Two experts offer different opinions
This month, we take note of two articles that seem to take opposite sides on the issue of trust protectors. When read together, however, they illustrate why we’re seeing a proliferation of the use of trust protectors and why we may see a corresponding emergence of legal claims against trust protectors if the role isn’t used thoughtfully.
Both articles define a “trust protector” as a person (not the settlor, beneficiary or trustee) who is appointed to exercise one or more broad powers affecting the trust and the beneficiaries’ interests. For example, a trust protector may remove and replace the trustee, direct investment decisions, change distribution terms or make distribution decisions or even modify or terminate the trust itself. About half of U.S. states have adopted statutes that either explicitly or impliedly recognize trust protectors.
The first article, “Why You May Need A ‘Trust Protector,’” by Tatiana Serafin, in Barron’s Penta (March 3, 2012), makes the case for trust protectors from the consumer’s perspective. Serafin’s piece emphasizes the flexibility that a trust protector can provide to pursue the trust settlor’s intentions under changing circumstances, even in a dynasty trust that’s continued in perpetuity. According to Serafin, “Deciding to appoint a trust protector is sometimes a no-brainer.”
The discerning reader will wonder why the trust protector can affect a trust in ways that a trustee supposedly couldn’t. Serafin’s piece seems to imply that trust protectors are acting as agents of the settlor and, as such, they may be free of the fiduciary duties that apply to trustees. For example, she writes, “[A] trust protector focuses on the wishes of the grantor . . . The trust protector, unlike the trustee, doesn’t typically have a fiduciary role to make the best investment decision.”
The second article, “The Case Against the Trust Protector,” by Alexander A. Bove, Jr., in the ACTEC Law Journal (Summer 2011), cautions attorneys not to incorporate trust protectors into a settlor’s trust documents without a thoughtful discussion about imposing fiduciary duties on the trust protector and making the him accountable to the beneficiaries in some manner. Bove provides an insightful history of the emergence of trust protectors in U.S. domestic trusts, and, in doing so, supports his argument that they must fall within the well-established law of trust rights, interests and fiduciary duties.
For example, Bove argues that trust protectors can’t be agents of the settlor, because the settlor isn’t a party to a trust after it’s established. By process of elimination, Bove concludes that a trust protector must owe fiduciary duties to the beneficiaries, unless the power granted to the trust protector is a personal power (such as a general power of appointment that can be exercised for the benefit of the power holder) or the trust instrument or state statute exculpates the trust protector, which Bove thinks is a bad idea and may not be enforceable.
It’s easy to imagine, after reading Bove’s piece, that beneficiaries who suffer economic loss due to the incompetent, vindictive or self-serving actions of a trust protector would be tempted to argue that it’s against public policy to foreclose them from legal recourse against the trust protector. If a court were to agree, it might open the floodgates for similar claims, in which inattentive or naïve trust protectors may find themselves being held accountable for powers they weren’t “properly” exercising.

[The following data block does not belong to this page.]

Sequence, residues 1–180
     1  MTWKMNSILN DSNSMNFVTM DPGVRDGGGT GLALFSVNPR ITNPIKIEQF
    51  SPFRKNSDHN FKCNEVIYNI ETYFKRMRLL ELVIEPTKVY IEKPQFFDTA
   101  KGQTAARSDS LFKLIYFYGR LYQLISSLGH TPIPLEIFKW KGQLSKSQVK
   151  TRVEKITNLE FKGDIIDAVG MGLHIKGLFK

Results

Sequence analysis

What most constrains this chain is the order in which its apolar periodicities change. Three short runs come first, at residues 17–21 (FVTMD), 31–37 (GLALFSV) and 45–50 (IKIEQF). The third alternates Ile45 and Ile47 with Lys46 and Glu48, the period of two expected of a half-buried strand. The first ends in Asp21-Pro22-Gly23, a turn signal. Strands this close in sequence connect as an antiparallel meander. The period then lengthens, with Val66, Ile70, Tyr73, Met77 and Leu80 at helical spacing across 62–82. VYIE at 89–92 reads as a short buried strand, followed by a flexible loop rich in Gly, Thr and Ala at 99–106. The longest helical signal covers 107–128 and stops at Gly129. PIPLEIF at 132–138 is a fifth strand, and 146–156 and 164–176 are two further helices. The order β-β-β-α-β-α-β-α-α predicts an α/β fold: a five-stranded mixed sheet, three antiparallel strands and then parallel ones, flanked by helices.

The Serafin article is a nice introduction to the trust protector concept for consumers, and while generally positive on the concept, even she points out the “too many cooks in the kitchen” problem. Moreover, we agree with Bove that attorneys should be cautious and thorough when incorporating trust protectors into their clients’ trust agreements. Settlors should understand the concept of fiduciary duties and strike a balance between flexibility and accountability.
There’s a place for trust protectors. Corporate fiduciaries who are wary of litigation exposure don’t want to be given broad discretion to make decisions that can be second-guessed by beneficiaries in a courtroom. Many are glad to defer such discretion to an independent party. At the same time, trust settlors react to fears about litigation undermining their intentions with respect to trust investments and trust beneficiaries. Trust settlors want to appoint a decisionmaker who can carry out the settlors’ wishes without being influenced by threats of litigation or personal liability.
However, as Bove argues, we may have gone overboard with trust protectors who are completely exculpated, have no fiduciary duties and aren’t answerable to anyone in any court. Bove, frankly, thinks that such arrangements, when litigated, will be unenforceable as against public policy. On the other hand, if trust protectors are given the same fiduciary duties as trustees, why would they accept the discretion and responsibilities that the trustees have wisely refused?
Fortunately, Bove points out a middle ground, in which a trust protector’s fiduciary duty to the beneficiaries is recognized, but the trust protector is exculpated from simple negligence claims. Under this model, the trust protector is answerable to the beneficiaries only for gross negligence or willful breaches of fiduciary duties. Other ways to mute the threat of litigation against a trust protector might include the use of indemnification and advancement provisions and/or the use of penalty clauses and fee-shifting language to enforce alternative dispute resolution provisions.
In the final analysis, we can agree with both authors. Trust settlors should ask their attorneys about a trust protector, but attorneys should be clear and thoughtful about how a trust protector is incorporated into the settlor’s trust agreement.